Puttanesca Sauce

Makes 8 cups

Puttanesca is a robust old-school Italian red sauce made from pantry staples — olives, capers and red pepper flakes. Serve it with any of the pastas in this chapter. It can be made up to 3 days in advance and stored in an airtight container in the refrigerator.

¼ cup extra-virgin olive oil
6 garlic cloves, minced
2 shallots, finely chopped
1 teaspoon red pepper flakes
¼ cup dry white wine
2 tablespoons tomato paste
6 cups Scoty’s Marinara Sauce (recipe follows) or store-bought sauce
1 cup pitted Kalamata olives, halved lengthwise
1/3 cup capers, drained
8 fresh basil leaves, cut into chiffonade
Kosher salt and freshly ground black pepper

1) Put a medium pot over medium heat and add the oil. When the oil is hot, add the garlic, shallots, and red pepper flakes and cook, stirring, until the shallots are translucent, 2 to 3 minutes.

2) Pour in the wine and cook, stirring, for 1 to 2 minutes to evaporate some of the alcohol. Stir in the tomato paste and marinara sauce and bring to a simmer. Reduce the heat to medium-low, add the olives, capers and basil, and season with salt and black pepper. Gently simmer, stirring occasionally, until the sauce has thickened slightly, about 30 minutes.

Scoty’s Marinara Sauce

Makes 6 cups

If tomorrow was my last day on earth, I’d request a fresh piece of focaccia dunked in a vat of Scoty’s marinara for my last meal. A well-made marinara should be thick enough to cling to pasta and vegetables yet light and fresh enough to balance whatever it’s paired with. Cooked in under an hour, Scoty’s sauce is thick but not heavy. Grated carrot is the secret weapon, lending both its natural sweetness and texture.

Be sure to seek out canned San Marzano tomatoes, which are now available at most grocery stores. This Italian tomato variety is coveted for its low acidity, bright flavor and deep red color. This is the only marinara sauce you’ll ever need. We use it in Fig Caponata, Spiced Chickpeas, and Puttanesca Sauce, among other dishes.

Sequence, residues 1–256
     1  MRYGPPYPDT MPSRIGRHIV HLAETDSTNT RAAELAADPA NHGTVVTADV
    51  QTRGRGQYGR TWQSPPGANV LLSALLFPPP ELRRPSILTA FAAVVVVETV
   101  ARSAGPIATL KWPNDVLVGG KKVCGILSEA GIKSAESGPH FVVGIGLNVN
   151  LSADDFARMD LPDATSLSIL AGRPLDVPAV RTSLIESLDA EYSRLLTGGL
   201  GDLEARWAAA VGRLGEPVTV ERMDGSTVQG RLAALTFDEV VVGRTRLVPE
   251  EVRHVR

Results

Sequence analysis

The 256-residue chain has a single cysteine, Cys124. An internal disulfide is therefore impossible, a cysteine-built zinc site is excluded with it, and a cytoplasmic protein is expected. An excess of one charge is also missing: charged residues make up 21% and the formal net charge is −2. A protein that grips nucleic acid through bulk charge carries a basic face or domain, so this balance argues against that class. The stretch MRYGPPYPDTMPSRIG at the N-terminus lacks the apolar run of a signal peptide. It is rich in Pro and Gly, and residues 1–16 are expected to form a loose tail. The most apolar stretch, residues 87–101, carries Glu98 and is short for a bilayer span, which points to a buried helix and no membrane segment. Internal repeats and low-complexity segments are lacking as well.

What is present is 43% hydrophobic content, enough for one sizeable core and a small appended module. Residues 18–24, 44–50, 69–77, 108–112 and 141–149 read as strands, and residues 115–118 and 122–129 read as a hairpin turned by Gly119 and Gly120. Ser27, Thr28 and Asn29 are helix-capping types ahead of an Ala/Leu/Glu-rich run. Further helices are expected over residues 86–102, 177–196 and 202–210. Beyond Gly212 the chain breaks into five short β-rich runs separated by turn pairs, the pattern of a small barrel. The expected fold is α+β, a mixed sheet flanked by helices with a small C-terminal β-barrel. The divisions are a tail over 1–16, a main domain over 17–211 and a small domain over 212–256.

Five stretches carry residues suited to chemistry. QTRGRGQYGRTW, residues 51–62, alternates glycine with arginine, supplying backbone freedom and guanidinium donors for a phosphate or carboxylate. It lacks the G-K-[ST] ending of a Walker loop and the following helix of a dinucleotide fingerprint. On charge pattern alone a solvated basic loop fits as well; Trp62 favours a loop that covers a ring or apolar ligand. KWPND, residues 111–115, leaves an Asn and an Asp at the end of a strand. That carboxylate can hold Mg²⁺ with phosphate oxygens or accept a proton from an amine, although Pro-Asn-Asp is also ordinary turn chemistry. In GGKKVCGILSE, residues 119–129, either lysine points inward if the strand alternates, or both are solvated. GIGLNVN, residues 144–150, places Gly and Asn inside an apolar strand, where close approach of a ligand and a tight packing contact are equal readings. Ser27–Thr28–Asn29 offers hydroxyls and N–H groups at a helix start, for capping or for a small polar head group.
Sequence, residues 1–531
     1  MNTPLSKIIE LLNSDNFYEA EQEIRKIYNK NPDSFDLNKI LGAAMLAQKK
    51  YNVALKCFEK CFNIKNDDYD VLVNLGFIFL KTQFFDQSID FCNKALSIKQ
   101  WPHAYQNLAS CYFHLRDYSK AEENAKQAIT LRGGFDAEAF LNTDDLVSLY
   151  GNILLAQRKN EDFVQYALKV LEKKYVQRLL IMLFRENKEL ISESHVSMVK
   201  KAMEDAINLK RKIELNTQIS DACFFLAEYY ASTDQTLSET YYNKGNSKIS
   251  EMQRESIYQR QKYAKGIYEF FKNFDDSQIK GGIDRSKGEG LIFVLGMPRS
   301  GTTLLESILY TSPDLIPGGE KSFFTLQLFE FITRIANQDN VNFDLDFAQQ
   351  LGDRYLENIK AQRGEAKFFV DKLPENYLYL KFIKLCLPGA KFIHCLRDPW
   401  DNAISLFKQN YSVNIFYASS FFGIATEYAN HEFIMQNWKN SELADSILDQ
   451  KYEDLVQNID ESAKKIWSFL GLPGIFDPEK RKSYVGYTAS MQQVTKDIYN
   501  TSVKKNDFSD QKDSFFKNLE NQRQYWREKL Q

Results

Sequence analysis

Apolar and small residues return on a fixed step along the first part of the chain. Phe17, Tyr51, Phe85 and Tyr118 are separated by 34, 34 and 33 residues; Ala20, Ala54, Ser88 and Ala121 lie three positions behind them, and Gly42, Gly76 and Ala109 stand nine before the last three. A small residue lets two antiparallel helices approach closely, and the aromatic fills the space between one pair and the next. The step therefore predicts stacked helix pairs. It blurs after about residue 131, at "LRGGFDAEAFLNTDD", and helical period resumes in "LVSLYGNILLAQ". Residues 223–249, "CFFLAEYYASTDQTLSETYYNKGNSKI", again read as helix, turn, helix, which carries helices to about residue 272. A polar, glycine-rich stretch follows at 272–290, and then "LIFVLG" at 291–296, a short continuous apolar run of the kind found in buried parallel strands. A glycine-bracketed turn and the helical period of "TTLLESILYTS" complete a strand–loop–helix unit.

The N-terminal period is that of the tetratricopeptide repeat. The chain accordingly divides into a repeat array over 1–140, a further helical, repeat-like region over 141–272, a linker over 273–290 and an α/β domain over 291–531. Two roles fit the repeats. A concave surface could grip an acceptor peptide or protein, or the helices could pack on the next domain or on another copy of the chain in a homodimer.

Two 28-ounce cans whole tomatoes, preferably San Marzano
3 tablespoons extra-virgin olive oil
1 onion, finely chopped
4 garlic cloves, minced
1 carrot, finely grated (about ½ cup)
Kosher salt and freshly ground black pepper
½ teaspoon red pepper flakes
Pinch of baking soda
4 fresh basil leaves, chopped
1 tablespoon Earth Balance butter stick

1) Working in batches, put the tomatoes, along with their juice, in a food processor or blender and puree just until semi-smooth; you want a little bit of chunky texture.

2) Put a medium pot over medium heat and add the oil. When the oil is hot, add the onion, garlic and carrot, season with salt, black pepper and the red pepper flakes, and sauté until the vegetables are soft, about 10 minutes.

3) Add the pureed tomatoes, stirring to combine, and bring to a boil. Reduce the heat to medium-low and simmer, uncovered, until the sauce thickens, about 45 minutes. Season the sauce with more salt and black pepper, to taste. Remove from the heat, stir in the baking soda, making sure it dissolves, and add the basil and butter substitute.

Once cooled, the sauce can be refrigerated covered for up to 3 days or frozen for up to 2 months.

Excerpted from “Crossroads” by Tal Ronnen with Scot Jones. (Artisan Books). Copyright © 2015. Photographs by Lisa Romerein.